Bringing The World Home To You

© 2024 WUNC North Carolina Public Radio
120 Friday Center Dr
Chapel Hill, NC 27517
919.445.9150 | 800.962.9862
Play Live Radio
Next Up:
0:00 0:00
Available On Air Stations

Trend Of Falling Gas Prices Expected To Continue


In this country yesterday, the nationwide average price for a gallon of regular gas was just below $2.20; that's according to AAA. Some people have been paying less than $2. NPR's John Ydstie reports the falling prices are likely to continue.

JOHN YDSTIE, BYLINE: Crude oil took another big slide yesterday. The price of U.S. crude fell below $50 a barrel. And with a bit of a lag, the price of gasoline will follow, says Dan Katzenberg.

DAN KATZENBERG: Gasoline prices are a bit stickier, certainly at the pump where it takes a little bit of a time to be reflected in the gas price, but it will follow ultimately.

YDSTIE: Katzenberg, who's a senior energy analyst at Robert W. Baird and Company, says he expects crude oil to fall another 10 percent, to the mid-$40-a-barrel range, during the first quarter and not recover until later in the year. That would push gasoline prices lower, too, and help consumers and the economy.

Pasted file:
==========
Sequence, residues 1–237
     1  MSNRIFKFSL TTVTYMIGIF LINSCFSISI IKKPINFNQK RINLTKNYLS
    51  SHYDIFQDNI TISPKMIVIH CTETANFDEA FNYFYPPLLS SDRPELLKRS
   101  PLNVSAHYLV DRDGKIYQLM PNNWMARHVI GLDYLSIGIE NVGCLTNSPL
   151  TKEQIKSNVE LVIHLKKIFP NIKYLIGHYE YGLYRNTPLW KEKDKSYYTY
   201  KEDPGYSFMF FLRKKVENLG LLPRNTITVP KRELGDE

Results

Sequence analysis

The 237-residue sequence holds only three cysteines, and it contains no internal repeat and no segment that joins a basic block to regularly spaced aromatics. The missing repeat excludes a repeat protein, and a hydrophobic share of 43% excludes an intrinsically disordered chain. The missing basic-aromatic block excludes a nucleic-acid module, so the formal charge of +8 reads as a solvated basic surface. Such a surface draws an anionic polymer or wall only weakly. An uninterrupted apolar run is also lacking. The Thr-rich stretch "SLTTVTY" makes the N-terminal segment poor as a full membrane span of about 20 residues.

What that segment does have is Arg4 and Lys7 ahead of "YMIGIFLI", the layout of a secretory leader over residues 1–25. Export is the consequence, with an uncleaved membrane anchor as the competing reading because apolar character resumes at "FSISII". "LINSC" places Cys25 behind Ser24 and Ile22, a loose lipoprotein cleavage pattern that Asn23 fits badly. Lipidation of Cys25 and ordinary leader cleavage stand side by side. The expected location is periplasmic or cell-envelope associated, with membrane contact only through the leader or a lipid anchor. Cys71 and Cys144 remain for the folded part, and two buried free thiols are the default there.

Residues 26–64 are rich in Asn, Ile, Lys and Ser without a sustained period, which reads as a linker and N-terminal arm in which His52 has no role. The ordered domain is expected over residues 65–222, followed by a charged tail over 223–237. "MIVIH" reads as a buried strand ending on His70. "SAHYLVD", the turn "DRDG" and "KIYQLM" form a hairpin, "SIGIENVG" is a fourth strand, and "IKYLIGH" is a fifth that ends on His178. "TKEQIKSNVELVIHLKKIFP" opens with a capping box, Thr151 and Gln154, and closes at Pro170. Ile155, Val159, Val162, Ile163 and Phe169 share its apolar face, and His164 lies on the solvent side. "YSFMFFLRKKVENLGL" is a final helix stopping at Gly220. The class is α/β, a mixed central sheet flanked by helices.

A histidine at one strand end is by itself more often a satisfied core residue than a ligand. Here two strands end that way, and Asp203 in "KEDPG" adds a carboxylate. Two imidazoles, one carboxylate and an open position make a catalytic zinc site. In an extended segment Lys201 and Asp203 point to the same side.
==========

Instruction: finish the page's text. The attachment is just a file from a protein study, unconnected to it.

KATZENBERG: It's effectively a big tax break for U.S. consumers, and really for the globe.

YDSTIE: For U.S. consumers, every one-cent decline in the price of gasoline sustained over a year means an extra billion dollars saved. AAA figures the price decline in 2014 meant Americans spent $14 billion less filling their tanks than in 2013. That's a savings of more than $115 per household. The savings are likely to be even greater this year. John Ydstie, NPR News, Washington. Transcript provided by NPR, Copyright NPR.

John Ydstie has covered the economy, Wall Street, and the Federal Reserve at NPR for nearly three decades. Over the years, NPR has also employed Ydstie's reporting skills to cover major stories like the aftermath of Sept. 11, Hurricane Katrina, the Jack Abramoff lobbying scandal, and the implementation of the Affordable Care Act. He was a lead reporter in NPR's coverage of the global financial crisis and the Great Recession, as well as the network's coverage of President Trump's economic policies. Ydstie has also been a guest host on the NPR news programs Morning Edition, All Things Considered, and Weekend Edition. Ydstie stepped back from full-time reporting in late 2018, but plans to continue to contribute to NPR through part-time assignments and work on special projects.
More Stories